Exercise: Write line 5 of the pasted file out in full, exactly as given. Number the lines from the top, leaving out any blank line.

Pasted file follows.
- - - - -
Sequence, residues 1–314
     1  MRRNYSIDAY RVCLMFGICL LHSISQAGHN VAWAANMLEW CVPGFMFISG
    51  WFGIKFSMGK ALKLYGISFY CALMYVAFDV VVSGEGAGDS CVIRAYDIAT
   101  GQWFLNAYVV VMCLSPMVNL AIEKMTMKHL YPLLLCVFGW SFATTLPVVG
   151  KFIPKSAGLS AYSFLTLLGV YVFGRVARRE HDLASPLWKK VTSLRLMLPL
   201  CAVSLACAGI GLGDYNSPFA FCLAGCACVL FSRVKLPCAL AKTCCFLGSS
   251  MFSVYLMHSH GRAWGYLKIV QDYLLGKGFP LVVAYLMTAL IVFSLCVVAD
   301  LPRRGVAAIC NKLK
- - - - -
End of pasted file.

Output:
   151  KFIPKSAGLS AYSFLTLLGV YVFGRVARRE HDLASPLWKK VTSLRLMLPL